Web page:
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Palbearers carry the casket of PC Allen Moseley following his funeral service at the Trinity Cathedral in Port-of-Spain yesterday.

PETER CHRISTOPHER

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A batchmate of murdered police officer PC Allen Moseley yesterday asked God to forgive the person/s who killed the officer last month.

During the eulogy in which he honoured his fallen colleague, PC Simeon acknowledged the chaos which followed his murder but said he hoped that positive would rise from it.

“Though his death may have been a spectacle and controversy followed, so too was the death of Jesus Christ, it made nations reflect and sinners repent. Forgive them Father,” Simeon told the congregation during the ceremony at the Trinity Cathedral in Port-of-Spain.

Moseley, 32, who was attached to the Guard and Emergency Branch of the T&T Police Service, was shot dead along the Old Morvant Road, Morvant, while on the way to visit a friend on June 27. In the aftermath of his death, officers from the GEB shot dead three men in Second Caledonia, Morvant, hours later.

The latter incident sparked a series of protests in Port-of-Spain and environs and prompted Prime Minister Dr Keith Rowley to form a committee to look into issues affecting “hot spot” areas in east Port-of-Spain.

Almost 10 days after he was ambushed and killed and a week after the protests died down, Mosely was given a funeral under full military rites and remembered by Simeon yesterday. The officer made further reference to wider protests across the world and the Black Lives Matter demonstrations as he posed philosophical questions to the congregation.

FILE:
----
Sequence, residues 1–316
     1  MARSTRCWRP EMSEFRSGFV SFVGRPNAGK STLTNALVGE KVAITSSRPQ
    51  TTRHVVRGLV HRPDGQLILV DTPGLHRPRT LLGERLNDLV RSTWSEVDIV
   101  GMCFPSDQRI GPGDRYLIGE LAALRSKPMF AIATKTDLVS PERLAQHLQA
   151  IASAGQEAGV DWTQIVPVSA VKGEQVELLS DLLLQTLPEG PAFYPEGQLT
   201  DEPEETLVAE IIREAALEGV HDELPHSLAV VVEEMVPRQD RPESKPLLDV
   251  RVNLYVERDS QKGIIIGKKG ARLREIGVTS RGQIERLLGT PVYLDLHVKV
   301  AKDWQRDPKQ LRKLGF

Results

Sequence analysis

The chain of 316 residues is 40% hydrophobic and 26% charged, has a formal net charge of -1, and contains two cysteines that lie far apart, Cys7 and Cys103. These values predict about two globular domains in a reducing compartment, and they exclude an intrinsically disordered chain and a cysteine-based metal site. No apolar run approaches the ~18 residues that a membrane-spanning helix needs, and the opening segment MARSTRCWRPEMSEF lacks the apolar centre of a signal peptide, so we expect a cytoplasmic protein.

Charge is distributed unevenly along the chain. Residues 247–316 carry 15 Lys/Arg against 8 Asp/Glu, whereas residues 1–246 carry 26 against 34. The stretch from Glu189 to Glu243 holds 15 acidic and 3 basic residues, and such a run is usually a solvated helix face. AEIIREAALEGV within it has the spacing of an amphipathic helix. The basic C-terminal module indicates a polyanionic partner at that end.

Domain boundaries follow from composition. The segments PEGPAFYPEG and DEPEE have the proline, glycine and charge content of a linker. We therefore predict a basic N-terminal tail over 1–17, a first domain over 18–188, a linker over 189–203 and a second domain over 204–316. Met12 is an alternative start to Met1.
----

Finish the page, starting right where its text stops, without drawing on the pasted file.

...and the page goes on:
“In these times we asked the question about whose life matters and what really matters. Did his life matter? Of course it did to all that he touched with his fun-loving spirit,” Simeon said.

“Does his wife, children and family’s lives matter, do police lives matter, does forgiveness matter, does love matter? Ask yourself today what really matters.”

During her sermon, Reverend Shelley Ann Tenia warned the congregation against allowing human wisdom to push themselves towards revenge.

Tenia warned against giving into human tendencies with regard to Moseley’s death, instead asking the congregation to accept God’s wisdom.

“Allow that wisdom and that revelation to guide our choices and to guide our lives. When we do that, we don’t act the fool and we don’t play the fool and we’re able to discern what is real and what is true, who is sincere and who is not sincere,” she said.

“And as Psalm 32 reminds, do not fret yourself over evildoers, refrain from anger and leave rage alone because to fret yourself is to lead only to even more evils. But we can’t do that in normal circumstances with our own human wisdom because left to our own human wisdom, we will pick up a big stick and knock somebody out.”

She warned further, “Yes, given our own human wisdom, some vigilante somebody is going to want to find the person who shot officer Moseley and get some revenge. In our own human wisdom, we would do what we want when we want. With no regard for the other. No respect or regard even for God or the things of God because we give ourselves over to satisfying our own desires.”

However, the otherwise sombre tone of the funeral was also marked with a brief moment of conflict when Moseley’s wife Ayesha Moseley stopped to gospel reading to order a woman out of the service. The woman was ushered out down the centre aisle by police on the command of Reverend Tenia.

Commissioner of Police Gary Griffith was among those who attended the service, which was held in accordance with the COVID-19 regulations.

PC Moseley, a father of five, was cremated in St James following the ceremony.